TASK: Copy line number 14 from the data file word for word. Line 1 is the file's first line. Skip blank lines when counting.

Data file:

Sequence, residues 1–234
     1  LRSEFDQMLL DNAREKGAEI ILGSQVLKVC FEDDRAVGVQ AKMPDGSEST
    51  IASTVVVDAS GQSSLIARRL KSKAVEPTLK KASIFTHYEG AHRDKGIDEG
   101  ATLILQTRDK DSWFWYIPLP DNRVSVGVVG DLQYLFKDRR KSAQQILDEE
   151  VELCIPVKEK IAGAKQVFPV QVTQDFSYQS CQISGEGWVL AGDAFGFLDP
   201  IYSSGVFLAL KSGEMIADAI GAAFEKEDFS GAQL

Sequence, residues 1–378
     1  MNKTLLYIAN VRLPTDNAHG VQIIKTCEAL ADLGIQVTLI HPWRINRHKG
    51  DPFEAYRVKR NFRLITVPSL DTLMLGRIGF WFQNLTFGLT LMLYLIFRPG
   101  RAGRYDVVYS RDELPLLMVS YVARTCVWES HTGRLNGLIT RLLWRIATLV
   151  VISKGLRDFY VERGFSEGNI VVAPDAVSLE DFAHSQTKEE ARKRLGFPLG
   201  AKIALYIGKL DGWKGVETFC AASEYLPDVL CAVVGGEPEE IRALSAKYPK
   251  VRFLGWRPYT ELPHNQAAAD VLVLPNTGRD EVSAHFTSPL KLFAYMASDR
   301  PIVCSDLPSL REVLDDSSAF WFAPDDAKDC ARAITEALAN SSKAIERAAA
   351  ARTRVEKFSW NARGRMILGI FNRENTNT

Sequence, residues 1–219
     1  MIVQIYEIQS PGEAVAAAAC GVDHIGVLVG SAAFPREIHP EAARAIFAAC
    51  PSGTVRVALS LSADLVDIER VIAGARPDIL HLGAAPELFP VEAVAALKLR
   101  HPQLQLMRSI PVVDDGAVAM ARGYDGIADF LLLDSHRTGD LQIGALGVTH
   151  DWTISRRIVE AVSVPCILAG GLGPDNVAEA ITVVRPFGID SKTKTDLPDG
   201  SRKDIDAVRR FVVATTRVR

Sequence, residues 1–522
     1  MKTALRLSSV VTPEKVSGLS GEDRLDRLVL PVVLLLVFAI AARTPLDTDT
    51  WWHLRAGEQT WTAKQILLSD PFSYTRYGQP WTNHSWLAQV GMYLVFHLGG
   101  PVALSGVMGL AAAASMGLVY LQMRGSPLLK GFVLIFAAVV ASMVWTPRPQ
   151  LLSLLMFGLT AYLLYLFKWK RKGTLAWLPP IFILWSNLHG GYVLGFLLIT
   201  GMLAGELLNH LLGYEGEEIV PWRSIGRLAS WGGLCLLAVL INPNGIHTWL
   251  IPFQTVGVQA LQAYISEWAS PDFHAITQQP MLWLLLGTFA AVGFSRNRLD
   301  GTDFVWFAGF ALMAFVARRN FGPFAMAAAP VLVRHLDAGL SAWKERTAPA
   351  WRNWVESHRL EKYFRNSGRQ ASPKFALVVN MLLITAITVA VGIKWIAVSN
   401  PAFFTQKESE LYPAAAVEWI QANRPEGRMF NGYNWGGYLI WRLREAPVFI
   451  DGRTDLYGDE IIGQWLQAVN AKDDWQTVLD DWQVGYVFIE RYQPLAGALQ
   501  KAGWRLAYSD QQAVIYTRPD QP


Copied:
   301  PIVCSDLPSL REVLDDSSAF WFAPDDAKDC ARAITEALAN SSKAIERAAA